To just confirm, you can do what you are inquiring about with an extension cord. You didn't mention the length or the gauge of wire that you intend to use. A 14ga. cord "can" carry 15A but if it is 50' long you will have problems. I have used a regular 20A outlet to run my RV and I always use/used a 12ga. extension cord no longer than 50'. I have "sort of" melted a 14ga. extension cord plug before.....
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Old 04-20-2023, 07:57 PM   #9
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Agreed. Iím using a 50í 10/3 extension cord from a dedicated 20A circuit.
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Old 06-07-2023, 05:50 AM   #10
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Are you a pool shooting boy, is your name Willy McCoy and back home do they call you Slim?
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Old 06-07-2023, 06:13 AM   #11
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Are you a pool shooting boy, is your name Willy McCoy and back home do they call you Slim?
That's right, and I'm looking for the king of 42nd street and he's driving a drop-top Cadillac. You got any leads on that dude? LOL!
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Old 06-07-2023, 10:04 AM   #12
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A friend in WV told me to go over to his house and pick up some steel but don’t take my camper cause I couldn’t get it turned around in the hollow he lives in.
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Old 06-07-2023, 10:18 AM   #13
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That's exactly why ours is parked in our "camper barn" across the road from our home. We live in a 'holler' down here as well. Affectionately called "Buzzard Bottom" because the buzzards roost up in the tops of the oak trees down by the beaver pond. If we go to town and buy a 1/2-gallon of ice cream, by the time we get back home with it we've got a 1/2-gallon milkshake.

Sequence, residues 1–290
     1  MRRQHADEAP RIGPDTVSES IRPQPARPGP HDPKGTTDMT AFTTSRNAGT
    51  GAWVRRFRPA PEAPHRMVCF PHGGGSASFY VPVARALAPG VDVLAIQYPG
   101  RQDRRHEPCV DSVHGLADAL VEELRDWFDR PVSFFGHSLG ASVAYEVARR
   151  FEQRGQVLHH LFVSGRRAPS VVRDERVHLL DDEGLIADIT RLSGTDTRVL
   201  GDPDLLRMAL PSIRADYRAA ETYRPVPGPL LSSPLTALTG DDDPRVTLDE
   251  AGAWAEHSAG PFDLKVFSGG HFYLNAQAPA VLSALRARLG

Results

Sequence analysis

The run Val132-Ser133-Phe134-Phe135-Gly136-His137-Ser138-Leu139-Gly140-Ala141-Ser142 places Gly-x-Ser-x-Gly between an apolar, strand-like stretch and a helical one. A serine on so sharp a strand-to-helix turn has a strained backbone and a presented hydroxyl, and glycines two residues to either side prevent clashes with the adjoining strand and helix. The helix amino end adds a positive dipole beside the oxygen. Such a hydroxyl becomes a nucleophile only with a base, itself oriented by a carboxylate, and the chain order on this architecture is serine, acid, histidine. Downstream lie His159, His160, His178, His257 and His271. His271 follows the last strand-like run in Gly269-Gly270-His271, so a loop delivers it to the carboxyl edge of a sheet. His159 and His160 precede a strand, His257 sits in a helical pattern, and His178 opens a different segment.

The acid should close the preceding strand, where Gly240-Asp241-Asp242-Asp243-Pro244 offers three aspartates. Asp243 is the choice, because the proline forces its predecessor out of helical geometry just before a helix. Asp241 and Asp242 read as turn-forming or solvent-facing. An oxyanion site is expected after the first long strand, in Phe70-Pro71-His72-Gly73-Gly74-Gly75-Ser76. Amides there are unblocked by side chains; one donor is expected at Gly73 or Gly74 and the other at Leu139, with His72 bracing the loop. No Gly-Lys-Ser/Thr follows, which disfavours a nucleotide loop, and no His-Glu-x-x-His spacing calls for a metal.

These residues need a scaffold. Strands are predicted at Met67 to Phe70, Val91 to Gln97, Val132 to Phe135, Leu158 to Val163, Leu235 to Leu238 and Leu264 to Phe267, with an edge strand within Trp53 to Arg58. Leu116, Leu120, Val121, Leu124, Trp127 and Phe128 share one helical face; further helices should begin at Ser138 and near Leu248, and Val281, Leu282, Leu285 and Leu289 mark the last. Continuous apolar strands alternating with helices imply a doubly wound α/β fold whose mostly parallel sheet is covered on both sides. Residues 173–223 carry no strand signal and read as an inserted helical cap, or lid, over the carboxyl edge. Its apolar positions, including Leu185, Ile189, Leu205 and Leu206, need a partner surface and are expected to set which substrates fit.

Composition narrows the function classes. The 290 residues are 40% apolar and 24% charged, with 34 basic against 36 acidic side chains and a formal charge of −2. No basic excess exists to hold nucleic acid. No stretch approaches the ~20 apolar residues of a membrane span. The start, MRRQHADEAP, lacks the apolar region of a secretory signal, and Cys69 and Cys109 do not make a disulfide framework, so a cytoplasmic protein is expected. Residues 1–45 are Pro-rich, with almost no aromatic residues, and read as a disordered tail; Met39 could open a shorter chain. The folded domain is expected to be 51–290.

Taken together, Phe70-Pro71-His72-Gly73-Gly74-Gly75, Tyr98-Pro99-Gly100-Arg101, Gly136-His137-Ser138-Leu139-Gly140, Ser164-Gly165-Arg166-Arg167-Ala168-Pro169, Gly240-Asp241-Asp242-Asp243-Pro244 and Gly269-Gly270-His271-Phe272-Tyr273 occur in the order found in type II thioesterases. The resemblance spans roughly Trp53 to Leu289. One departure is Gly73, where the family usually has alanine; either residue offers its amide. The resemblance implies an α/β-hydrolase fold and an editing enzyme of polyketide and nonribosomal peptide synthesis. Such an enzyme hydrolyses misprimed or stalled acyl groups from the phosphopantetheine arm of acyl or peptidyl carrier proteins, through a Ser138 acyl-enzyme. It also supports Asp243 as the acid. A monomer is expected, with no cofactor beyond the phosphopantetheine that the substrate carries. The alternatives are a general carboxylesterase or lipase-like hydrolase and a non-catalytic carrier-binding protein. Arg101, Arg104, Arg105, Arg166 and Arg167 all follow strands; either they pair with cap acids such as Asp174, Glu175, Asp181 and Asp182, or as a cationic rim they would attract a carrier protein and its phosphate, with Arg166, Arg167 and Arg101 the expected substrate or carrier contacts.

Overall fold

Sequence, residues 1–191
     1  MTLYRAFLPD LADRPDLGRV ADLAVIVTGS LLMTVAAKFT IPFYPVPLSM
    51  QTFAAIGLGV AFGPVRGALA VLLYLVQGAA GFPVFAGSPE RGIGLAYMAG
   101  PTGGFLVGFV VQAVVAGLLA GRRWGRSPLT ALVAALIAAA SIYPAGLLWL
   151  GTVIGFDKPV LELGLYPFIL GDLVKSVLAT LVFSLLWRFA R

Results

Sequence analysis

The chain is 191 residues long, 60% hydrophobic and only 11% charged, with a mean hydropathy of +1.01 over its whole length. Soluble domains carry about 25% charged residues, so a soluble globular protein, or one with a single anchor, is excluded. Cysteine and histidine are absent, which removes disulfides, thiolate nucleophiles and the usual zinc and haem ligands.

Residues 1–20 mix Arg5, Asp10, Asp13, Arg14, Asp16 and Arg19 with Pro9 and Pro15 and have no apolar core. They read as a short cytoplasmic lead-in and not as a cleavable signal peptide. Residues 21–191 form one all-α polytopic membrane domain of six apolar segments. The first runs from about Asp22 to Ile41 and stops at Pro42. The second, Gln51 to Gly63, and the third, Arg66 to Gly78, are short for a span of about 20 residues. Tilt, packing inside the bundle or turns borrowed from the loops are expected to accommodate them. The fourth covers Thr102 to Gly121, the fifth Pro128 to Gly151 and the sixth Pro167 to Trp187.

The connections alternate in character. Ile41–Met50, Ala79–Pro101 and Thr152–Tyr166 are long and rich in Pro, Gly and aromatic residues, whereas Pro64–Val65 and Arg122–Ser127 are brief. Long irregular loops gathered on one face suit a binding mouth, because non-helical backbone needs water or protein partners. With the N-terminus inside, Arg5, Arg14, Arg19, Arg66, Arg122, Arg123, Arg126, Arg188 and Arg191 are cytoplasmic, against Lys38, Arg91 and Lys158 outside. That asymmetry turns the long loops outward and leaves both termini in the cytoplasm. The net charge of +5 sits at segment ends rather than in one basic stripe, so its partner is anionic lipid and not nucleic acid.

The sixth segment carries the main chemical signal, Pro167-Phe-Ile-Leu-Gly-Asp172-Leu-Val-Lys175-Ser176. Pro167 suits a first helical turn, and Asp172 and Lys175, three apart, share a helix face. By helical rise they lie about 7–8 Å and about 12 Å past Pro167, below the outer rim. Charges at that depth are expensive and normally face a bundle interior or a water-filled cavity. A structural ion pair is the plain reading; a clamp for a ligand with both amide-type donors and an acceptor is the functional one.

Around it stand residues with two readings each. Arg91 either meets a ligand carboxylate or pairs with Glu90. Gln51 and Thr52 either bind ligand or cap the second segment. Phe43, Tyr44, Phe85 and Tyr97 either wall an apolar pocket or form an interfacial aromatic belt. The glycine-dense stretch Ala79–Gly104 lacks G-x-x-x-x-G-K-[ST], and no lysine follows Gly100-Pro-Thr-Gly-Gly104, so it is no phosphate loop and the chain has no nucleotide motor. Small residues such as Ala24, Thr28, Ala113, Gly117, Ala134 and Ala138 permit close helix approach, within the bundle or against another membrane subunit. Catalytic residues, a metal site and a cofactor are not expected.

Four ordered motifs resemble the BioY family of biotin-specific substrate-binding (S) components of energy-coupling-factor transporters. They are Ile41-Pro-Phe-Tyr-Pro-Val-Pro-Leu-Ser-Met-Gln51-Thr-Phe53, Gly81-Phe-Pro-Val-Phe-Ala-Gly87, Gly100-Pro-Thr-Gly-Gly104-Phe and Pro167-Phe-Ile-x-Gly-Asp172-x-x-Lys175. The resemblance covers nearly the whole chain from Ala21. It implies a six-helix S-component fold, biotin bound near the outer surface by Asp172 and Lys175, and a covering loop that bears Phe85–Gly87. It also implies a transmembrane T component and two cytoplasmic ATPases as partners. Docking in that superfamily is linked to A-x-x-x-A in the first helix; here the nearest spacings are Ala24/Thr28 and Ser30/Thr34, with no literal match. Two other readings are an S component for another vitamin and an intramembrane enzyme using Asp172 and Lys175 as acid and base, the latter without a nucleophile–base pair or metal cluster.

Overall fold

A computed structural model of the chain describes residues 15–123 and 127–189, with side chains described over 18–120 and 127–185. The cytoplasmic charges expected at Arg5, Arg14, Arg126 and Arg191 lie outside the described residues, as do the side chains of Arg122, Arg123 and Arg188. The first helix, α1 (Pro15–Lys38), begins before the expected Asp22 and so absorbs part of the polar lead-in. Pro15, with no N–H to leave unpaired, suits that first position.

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Old 06-07-2023, 12:06 PM   #14
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If you are just awaiting your next trip, turn the refer off. Then turn it on a day prior to loading cold food.
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Old 06-07-2023, 07:02 PM   #15
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If you didnít want to run your fridge off the batteries thru the inverter (reducing hours on the inverter) You can run the long extension to a surge protector/outlet then run a couple of short extensions. 1) unplug the outlet of the inverter that feeds the transfer switch and plug the transfer switch directly into one of the extensions. (I am assuming you have access to the inverter) You can also run another short extension and plug in an external battery charger to keep a float on the battery. When you do that you might consider opening the battery disconnects and only connecting the battery when you are using the trailer.
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Old 06-07-2023, 07:27 PM   #16
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Smile

Quote:
Originally Posted by JamesDean334 View Post
That's exactly why ours is parked in our "camper barn" across the road from our home. We live in a 'holler' down here as well. Affectionately called "Buzzard Bottom" because the buzzards roost up in the tops of the oak trees down by the beaver pond. If we go to town and buy a 1/2-gallon of ice cream, by the time we get back home with it we've got a 1/2-gallon milkshake.

I didnít tell the whole story. I thought some of yíall might be offended.
When my brother and I got back to the camper I called Stan, he worked for Douglas Rifle Barrels in Charleston and told him we had a problem. A family has underpined the camper and set up the Wast Virginia state flower, one of the 10 foot satellite dishes and we didnít know what to do. He said No problem they haft to have a permanent address to collect their welfare check. Darn I couldnít even get that one on him.
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Old 06-08-2023, 12:56 AM   #17
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There are 2 factors when you calculate voltage drop; one is obviously the wire length, the other is the load. Modern residential fridges draw very little current, we have a fairly new 25 cu. ft. that only draws 3.3 amps. I didn't research how much the converter draws, but wouldn't think it's very much more. Neither are considered continuous loads. With no battery draw the converter will hardly ever run. I believe the 10/3 extension cord will be more than adequate.